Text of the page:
Brevibloc contains approximately 209 mg of sodium per bag. This may be important if
you are controlling the sodium in your diet.
3. How you will be given Brevibloc
The recommended dose
Your doctor will decide how much of the medicine you will need and for how long it will
be given to you.
Brevibloc will not normally be given for longer than 24 hours.
This medicine is particularly useful if your fluid intake needs to be controlled.
How Brevibloc is given
Brevibloc is ready to use. You will be given Brevibloc by a slow injection (infusion)
through a needle inserted into a vein in your arm.
Brevibloc must not be mixed with sodium bicarbonate or other medicinal products
The treatment is given in two stages:
- Stage one: a large dose is given over one minute. This increases the levels in your
blood quickly
- Stage two: a smaller dose is then given over four minutes
- Stage one and two may then be repeated and adjusted according to your heart’s
response. As soon as an improvement has happened, stage one (the large dose)
will be stopped and stage two (the small dose) will be reduced as necessary
- After reaching a stable condition, you may be given another heart drug, while
your dose of Brevibloc is gradually reduced.
If your heart rate or blood pressure increases during an operation or straight after
recovering from it, you will be given larger doses of Brevibloc for a short time.

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The elderly
Your doctor will start your treatment with a lower dose.
Children
Children up to the age of 18 years should not receive Brevibloc.
If you have too much Brevibloc
As you are being given Brevibloc by trained and qualified person, it is unlikely that you
will have too much. However if this happens, the doctor will stop Brevibloc and give you
additional treatment, if necessary.
If you think that a dose of Brevibloc has been forgotten
As you are being given Brevibloc by a trained and qualified person, it is unlikely that you
will miss a dose. However, if you think that you have missed a dose, talk to your doctor,
nurse or pharmacist as soon as possible.
If you stop having Brevibloc
Suddenly stopping Brevibloc may cause symptoms of rapid heartbeat (tachycardia) and
high blood pressure (hypertension) to return. To avoid this your doctor should stop your
treatment gradually. If you are known to have coronary artery disease (this may be
associated with a history of angina or heart attack) your doctor will take special care
when stopping treatment with Brevibloc.
If you have any further questions on the use of this product, ask your doctor, nurse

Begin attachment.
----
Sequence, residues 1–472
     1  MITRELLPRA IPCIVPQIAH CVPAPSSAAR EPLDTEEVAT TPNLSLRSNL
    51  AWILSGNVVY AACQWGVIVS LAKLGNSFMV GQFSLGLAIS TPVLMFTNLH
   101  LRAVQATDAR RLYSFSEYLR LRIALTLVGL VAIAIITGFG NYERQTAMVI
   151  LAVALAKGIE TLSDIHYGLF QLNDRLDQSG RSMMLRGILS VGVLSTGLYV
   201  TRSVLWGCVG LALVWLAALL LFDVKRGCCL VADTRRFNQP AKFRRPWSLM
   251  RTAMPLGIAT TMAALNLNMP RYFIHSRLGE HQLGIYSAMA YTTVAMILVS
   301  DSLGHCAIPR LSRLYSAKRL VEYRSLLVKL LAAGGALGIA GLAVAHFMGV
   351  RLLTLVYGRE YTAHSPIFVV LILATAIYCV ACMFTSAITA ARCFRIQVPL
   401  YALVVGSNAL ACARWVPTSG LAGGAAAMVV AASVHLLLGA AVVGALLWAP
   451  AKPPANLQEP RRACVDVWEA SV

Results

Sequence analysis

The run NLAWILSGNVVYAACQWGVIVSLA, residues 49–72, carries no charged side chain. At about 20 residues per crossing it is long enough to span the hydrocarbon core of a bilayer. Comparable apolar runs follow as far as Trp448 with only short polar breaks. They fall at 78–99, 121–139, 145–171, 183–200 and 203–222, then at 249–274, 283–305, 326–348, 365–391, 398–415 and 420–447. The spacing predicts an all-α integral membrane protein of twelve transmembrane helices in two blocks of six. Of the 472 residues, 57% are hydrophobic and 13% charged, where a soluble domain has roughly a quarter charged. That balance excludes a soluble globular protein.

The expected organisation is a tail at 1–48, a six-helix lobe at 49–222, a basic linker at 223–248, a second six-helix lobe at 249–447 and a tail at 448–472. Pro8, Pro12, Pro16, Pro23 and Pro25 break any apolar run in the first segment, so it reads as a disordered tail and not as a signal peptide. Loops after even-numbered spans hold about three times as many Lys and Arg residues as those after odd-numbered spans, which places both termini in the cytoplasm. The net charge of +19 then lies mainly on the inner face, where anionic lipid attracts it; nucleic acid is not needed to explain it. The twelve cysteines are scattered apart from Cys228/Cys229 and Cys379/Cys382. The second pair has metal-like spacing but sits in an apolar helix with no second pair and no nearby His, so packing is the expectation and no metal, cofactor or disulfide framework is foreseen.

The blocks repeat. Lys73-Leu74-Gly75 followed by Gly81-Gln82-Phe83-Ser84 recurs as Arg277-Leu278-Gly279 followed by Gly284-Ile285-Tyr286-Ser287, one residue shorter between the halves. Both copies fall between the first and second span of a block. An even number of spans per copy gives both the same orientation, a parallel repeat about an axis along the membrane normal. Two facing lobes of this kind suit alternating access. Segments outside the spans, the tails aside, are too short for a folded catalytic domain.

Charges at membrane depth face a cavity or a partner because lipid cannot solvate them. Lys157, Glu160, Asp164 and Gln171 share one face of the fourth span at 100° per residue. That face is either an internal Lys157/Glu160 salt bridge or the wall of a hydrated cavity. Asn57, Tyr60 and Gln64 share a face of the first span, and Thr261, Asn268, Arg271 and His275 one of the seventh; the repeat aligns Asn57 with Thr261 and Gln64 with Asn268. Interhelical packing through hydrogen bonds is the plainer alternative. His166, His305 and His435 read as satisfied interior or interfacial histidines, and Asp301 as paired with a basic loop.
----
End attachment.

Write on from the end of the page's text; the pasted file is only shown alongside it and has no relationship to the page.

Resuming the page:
or pharmacist.
4. Possible side effects
Like all medicines, this medicine can cause side effects, although not everybody gets
them. Most side effects disappear within 30 minutes of stopping treatment with
Brevibloc. The following side effects have been reported with Brevibloc:
Tell your doctor, nurse or pharmacist straight away if you notice any of the
following side effects, which can be serious. The infusion may also need to be
stopped.
Very common (may affect more than 1 in 10 people)

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Fall in blood pressure. This can be rapidly corrected by reducing the dose of
Brevibloc or stopping the treatment. Your blood pressure will be measured often
during treatment
Excessive sweating.

Common (may affect less than 1 in 10 people)
 Loss of appetite
 Feeling anxious or depressed
 Dizziness
 Feeling sleepy
 Headache
 Tingling or ‘pins and needles’
 Difficulty concentrating
 Feeling confused or agitated
 Feeling or being sick (nausea and vomiting)
 Feeling weak
 Feeling tired (fatigue)
 Irritation and hardening of your skin where Brevibloc was injected.
Uncommon (may affect less than 1 in 100 people)
 Abnormal thoughts
 Sudden loss of consciousness
 Feeling faint or fainting
 Fits (seizures or convulsions)
 Problems with speech
 Problems with eyesight
 Slow heart rate
 Problems with the electrical messages that control your heartbeat
 Increased pressure in the arteries of the lungs
 Inability of the heart to pump enough blood (heart failure)
 A disruption in the rhythm of the heart sometimes known as palpitations (ventricular
extrasystoles)
 A heartbeat disorder (nodal rhythm)
 Chest discomfort caused by poor blood flow through the blood vessels of the heart
muscle (angina pectoris)
 Poor circulation in your arms or legs
 Looking pale or flushed
 Fluid on your lungs
 Shortness of breath or tightness of the chest making it difficult to breathe
 Wheezing
 Blocked nose
 Abnormal rattling/crackling sounds when breathing
 Changes in your sense of taste
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Indigestion